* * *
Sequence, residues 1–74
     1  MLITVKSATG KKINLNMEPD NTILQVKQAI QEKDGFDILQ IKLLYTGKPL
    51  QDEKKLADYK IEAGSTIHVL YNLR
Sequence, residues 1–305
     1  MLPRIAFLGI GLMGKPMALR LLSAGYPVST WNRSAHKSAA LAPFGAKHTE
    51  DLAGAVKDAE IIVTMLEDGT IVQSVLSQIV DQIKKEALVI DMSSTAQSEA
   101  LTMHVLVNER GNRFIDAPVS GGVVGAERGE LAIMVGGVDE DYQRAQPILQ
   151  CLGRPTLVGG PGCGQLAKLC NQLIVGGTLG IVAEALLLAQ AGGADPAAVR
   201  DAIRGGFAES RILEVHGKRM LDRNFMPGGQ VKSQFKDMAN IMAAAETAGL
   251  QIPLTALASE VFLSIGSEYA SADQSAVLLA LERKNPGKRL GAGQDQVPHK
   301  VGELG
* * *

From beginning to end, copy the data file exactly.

Sequence, residues 1–74
     1  MLITVKSATG KKINLNMEPD NTILQVKQAI QEKDGFDILQ IKLLYTGKPL
    51  QDEKKLADYK IEAGSTIHVL YNLR
Sequence, residues 1–305
     1  MLPRIAFLGI GLMGKPMALR LLSAGYPVST WNRSAHKSAA LAPFGAKHTE
    51  DLAGAVKDAE IIVTMLEDGT IVQSVLSQIV DQIKKEALVI DMSSTAQSEA
   101  LTMHVLVNER GNRFIDAPVS GGVVGAERGE LAIMVGGVDE DYQRAQPILQ
   151  CLGRPTLVGG PGCGQLAKLC NQLIVGGTLG IVAEALLLAQ AGGADPAAVR
   201  DAIRGGFAES RILEVHGKRM LDRNFMPGGQ VKSQFKDMAN IMAAAETAGL
   251  QIPLTALASE VFLSIGSEYA SADQSAVLLA LERKNPGKRL GAGQDQVPHK
   301  VGELG